the face of any counter move of the allies.
The allied high command, however, feels confident that it can punc
ture the German plans.
In well informed quarters it is believed that before the week is over
the neutrality of other nations will be violated by the Reich in an effort
to cinch the operations started last Tuesday. There is no doubt now that
the German high command was confident that the occupation of Norway
would be the same military march as the one on Denmark. Recent de
velopments have upset somewhat its calculations, but it would be fool
hardy to believe that possibilities of Norwegian resistance and of an allied
; intervention had not been discounted by the German general staff.
Escaped Bank Robbers
Captured Near Tacoma
By the Associated Press.
TACOMA. Wash., April 15—Near
exhaustion from lack of food and
! rest. Joseph Paul Cretzer. 28. and
| Arnold Thomas Kyle, 29. known as
I "the Nation's No. 1 bank-robbing
team." were captured last night only
2’2 miles from McNeil Island Fed
eral Penitentiary. The pair escaped
from the prison last Thursday.
They were taken without re
sistance by a posse of 12 prison
j guards after a searching party had
' discovered them hiding in a bushy
! area near the island schoolhouse.
' The fugitives accidentally made
their presence known when one rus
tled the bushes as he shifted his
! position.
Klyle and Cretzer escaped from
the penitentiary by driving a deliv
! ery truck, which had been left in
the prison yard, through the rear
i inspection gate under gunfire from
a guard. The truck was abandoned
2 miles from the prison.
Both were serving 25-year sen
tences for robbing the Bank of
America in Los Angeles in 1938.
Open House at School
The annual open house of the
Charles Stewart School of East
Falls Church, Va., will be observed
in connection with a meeting of the
school's Parent-Teacher Associa
tion at 8 p.m. tomorrow at the
school. Grant Clark of the A. A. A.
safety department will show a film
on safety.
Gov. Dickinson, 81 Today,
Eschews Celebration
By the Associated Press.
LANSING. Mich . April 15.—Gov.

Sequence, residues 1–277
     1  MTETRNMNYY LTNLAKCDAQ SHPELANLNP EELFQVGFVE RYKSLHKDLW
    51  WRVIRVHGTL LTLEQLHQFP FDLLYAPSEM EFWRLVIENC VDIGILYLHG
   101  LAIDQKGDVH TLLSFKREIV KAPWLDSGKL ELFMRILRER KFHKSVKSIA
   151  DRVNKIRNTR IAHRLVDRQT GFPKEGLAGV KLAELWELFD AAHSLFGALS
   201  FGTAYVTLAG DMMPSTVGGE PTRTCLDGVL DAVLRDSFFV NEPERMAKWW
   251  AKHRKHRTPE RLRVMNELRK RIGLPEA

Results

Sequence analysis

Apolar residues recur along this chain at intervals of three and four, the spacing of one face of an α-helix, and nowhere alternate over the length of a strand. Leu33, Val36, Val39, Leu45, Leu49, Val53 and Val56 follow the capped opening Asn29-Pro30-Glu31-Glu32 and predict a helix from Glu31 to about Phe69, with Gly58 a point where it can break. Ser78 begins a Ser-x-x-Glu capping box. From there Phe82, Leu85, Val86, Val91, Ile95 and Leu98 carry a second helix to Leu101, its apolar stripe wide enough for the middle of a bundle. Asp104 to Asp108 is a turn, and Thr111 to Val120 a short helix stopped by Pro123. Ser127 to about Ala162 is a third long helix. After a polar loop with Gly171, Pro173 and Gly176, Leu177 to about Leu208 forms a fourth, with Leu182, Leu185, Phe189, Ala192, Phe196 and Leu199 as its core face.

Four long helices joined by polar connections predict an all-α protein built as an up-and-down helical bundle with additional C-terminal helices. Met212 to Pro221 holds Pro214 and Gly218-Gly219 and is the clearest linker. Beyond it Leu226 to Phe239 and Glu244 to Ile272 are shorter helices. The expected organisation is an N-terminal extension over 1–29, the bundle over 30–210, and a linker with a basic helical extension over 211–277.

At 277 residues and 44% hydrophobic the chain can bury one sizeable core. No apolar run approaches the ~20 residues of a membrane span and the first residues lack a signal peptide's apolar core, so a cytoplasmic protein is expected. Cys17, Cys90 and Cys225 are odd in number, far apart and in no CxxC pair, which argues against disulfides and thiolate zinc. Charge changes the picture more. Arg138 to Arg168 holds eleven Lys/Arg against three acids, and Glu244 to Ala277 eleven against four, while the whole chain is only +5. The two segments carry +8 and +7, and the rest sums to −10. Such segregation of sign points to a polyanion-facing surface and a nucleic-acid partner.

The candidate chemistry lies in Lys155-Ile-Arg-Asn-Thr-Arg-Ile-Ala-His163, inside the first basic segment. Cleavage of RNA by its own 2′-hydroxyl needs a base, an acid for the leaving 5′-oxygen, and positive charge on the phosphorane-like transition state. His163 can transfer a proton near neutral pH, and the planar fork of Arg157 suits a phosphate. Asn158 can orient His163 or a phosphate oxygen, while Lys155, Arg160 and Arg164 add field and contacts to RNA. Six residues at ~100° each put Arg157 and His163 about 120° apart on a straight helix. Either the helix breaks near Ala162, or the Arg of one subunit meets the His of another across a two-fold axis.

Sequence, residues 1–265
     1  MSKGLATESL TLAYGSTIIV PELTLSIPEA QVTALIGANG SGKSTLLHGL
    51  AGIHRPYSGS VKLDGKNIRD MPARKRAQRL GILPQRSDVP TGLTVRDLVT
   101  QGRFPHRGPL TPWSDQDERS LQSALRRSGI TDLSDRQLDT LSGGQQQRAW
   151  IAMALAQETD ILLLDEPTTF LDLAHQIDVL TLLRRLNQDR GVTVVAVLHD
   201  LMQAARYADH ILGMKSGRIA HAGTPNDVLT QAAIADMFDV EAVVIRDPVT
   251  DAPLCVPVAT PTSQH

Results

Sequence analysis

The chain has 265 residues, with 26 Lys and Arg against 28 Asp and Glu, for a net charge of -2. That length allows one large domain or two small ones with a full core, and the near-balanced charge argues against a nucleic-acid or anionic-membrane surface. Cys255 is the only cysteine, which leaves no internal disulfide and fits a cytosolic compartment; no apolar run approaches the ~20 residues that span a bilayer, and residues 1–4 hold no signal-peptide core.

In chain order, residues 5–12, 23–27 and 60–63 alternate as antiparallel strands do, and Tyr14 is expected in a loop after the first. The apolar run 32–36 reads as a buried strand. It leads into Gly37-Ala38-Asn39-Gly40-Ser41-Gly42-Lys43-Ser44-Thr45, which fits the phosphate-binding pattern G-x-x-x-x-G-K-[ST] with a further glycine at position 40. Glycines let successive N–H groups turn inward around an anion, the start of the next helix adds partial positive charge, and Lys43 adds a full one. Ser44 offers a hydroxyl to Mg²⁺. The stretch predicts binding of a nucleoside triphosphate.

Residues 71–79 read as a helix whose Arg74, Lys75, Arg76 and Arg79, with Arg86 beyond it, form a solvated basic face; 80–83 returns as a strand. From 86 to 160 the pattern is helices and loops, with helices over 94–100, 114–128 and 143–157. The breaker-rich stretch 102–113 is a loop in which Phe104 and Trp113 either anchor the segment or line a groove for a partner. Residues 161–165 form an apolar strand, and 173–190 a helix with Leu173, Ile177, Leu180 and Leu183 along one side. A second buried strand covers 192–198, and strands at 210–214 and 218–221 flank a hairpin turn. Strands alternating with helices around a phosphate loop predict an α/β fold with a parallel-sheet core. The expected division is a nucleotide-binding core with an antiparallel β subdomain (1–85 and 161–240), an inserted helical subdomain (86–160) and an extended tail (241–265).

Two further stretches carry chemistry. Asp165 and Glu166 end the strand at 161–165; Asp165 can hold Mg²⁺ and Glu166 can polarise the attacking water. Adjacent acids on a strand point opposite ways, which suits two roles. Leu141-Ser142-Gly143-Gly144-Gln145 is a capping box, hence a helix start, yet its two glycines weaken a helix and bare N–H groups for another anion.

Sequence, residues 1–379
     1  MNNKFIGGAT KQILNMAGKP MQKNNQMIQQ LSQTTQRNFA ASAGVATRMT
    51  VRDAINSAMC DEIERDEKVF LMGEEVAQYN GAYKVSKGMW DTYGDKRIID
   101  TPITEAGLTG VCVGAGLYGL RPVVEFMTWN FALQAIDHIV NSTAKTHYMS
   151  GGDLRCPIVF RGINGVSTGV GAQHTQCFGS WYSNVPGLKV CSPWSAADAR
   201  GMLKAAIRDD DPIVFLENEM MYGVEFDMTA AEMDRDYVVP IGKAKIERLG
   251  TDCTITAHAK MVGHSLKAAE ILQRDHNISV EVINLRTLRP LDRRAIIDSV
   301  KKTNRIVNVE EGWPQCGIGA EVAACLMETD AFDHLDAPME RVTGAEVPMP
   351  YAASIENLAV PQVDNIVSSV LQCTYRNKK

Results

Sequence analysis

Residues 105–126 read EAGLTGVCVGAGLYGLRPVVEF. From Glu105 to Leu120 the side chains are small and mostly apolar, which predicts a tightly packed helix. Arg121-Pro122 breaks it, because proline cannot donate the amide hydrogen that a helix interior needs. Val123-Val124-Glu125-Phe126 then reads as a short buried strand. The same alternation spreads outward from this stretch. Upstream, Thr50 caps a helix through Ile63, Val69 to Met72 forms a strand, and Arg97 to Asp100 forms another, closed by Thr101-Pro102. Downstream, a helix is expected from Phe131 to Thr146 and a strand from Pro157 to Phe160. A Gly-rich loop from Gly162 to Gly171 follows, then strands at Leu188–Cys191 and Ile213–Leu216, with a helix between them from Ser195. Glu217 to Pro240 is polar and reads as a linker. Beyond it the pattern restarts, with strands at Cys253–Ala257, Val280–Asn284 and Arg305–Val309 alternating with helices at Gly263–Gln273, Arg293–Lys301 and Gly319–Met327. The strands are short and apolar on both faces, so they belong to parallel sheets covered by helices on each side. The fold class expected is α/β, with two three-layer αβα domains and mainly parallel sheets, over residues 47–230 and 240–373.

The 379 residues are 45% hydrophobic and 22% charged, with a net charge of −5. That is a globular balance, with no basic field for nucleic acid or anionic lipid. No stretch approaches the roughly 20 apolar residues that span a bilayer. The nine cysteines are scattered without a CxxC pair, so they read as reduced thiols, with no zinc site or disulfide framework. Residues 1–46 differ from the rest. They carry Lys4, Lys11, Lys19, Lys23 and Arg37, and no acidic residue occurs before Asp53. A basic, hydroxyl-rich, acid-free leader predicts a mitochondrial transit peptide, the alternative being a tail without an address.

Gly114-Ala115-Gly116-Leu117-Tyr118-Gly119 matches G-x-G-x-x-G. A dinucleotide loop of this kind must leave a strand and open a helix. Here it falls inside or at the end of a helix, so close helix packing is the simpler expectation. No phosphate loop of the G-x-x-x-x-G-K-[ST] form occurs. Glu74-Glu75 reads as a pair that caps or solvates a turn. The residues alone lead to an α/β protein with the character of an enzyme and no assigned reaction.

Luren D. Dickinson is 81 years old
today, but to him the anniversary is
just another day in which to “keep
moving right along."
"Some people make a fuss over
birthdays." he remarked wryly, “but
I never could see just why."
He's looking forward with eager
ness to the opening of the baseball
season in Detroit tomorrow. A con
fessed “nut” on baseball, he will be
in the stands if tl^ weather is at
all favorable. Furthermore, he'll
toss out the first ball if any one asks
him to.
Gov. Dickinson's health and
strength have improved constantly
during a year in the office he in
herited upon the death of Gov.
Frank D. Fitzgerald.
Republican Attacks
Reorganization Plan
Representative Halleck. Repub
lican. of Indiana charged last night
j that in proposing to place the Civil
Aeronautics Authority under the
! Commerce Department “the New
Deal is junking the principle that
quasi-legislative and quasi-judicial
functions should be kept separate
from administrative functions."
President Roosevelt's regorzaniza
tion order of last week provided for
the transfer.
Mr. Haileck's statement criticizing
the order was issued through the
1 Republican National Committee.
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OF LEWIS & THOS. SALTZ STANDARD QUALITY
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Quality of fine weave . . . The tailoring is
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We doubt whether they can be duplicated
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We therefore urge an immediate selection.
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IN REGULARS, SHORTS, LONGS AND STOUTS
CUSTOM IMPERIAL GABARDINES_$55
GARNETT GABARDINES from ENGLAND....$75
AZURE ISLE SILK GABARDINES....».$85
LEWIS & THOS. SALTZ
1409 G STREET N.w!NC
Sett: Both Lewii Salta and Thoa. Salta are at thia Store on G Street. There are no Salta*,
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Big Riddle
Studied by
O'Mahoney
Method of Seeking
Answer to Job
Question Praised
By CHARLES G. ROSS.
The temporary National Eco
nomic Committee (the O'Mahoney
committee) has begun a hearing on
“the all-important riddle of our
1/1 in c, nriiiiuiv,
why it is that in
a world of inex
haustible natu
i ral resources, in
habited by men
who know more
I about the physi
cal and chemi
cal secrets of
nature than all
the generations
who preceded
them, we still
have not learned
how to apply
me wonaers oi
charin G. Rom. technology 1 n
such a fashion as to provide de
cent jobs for the millions of idle
who are able and willing to work.”
The words are those of the cb#r
man in outlining the study.
Why is it that w'ith production
hitting the 1929 prosperity level, as
it did toward the end of last year,
we still had 10.000.000 unemployed0